Fees target lease-breaking renters

Rent it Right

Q: My tenant of several months moved out, breaking his year’s lease with seven months left on it. The lease has a termination-fee clause, in which he agreed to pay one-and-a-half month’s rent if he moves out early. I took that money out of his security deposit. Because housing is tight here, I was able to re-rent within a week. Do I have to return this fee? –Andre Z.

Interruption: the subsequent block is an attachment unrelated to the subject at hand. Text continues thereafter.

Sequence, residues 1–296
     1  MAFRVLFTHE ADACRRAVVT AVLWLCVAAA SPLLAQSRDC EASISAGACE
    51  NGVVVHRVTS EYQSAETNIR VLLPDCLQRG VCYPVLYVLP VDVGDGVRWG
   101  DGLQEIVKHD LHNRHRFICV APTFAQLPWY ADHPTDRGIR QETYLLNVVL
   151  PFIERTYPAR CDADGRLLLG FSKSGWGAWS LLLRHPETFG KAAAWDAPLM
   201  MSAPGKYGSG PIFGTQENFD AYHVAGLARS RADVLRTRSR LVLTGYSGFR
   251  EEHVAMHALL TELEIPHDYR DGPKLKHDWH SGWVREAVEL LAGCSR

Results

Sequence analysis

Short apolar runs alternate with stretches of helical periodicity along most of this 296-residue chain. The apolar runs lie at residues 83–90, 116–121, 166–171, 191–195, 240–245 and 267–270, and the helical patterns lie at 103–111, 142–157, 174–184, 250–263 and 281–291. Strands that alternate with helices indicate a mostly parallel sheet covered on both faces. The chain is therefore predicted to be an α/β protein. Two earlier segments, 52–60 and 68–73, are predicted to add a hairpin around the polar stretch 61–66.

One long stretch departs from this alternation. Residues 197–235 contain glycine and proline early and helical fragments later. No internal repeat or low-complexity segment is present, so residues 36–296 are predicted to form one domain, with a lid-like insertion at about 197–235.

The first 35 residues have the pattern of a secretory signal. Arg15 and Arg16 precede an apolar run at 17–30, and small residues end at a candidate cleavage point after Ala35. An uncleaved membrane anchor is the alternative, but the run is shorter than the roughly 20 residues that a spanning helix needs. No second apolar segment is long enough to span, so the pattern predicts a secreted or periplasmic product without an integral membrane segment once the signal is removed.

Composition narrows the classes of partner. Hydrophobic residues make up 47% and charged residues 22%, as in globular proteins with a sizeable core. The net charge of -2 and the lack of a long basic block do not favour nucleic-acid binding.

A: Termination fees, which compensate the landlord when a tenant leaves early, are increasingly popular, and some states are catching on and beginning to allow them. Here’s how they work: The lease specifies that a certain amount will be due if the lease is broken, regardless of whether, or when, the landlord finds a new tenant. This agreement changes the default rule that applies in most states: Normally, the landlord must make reasonable efforts to re-rent the unit; once it’s re-rented, the tenant’s obligation to pay rent for the balance of the lease term ends.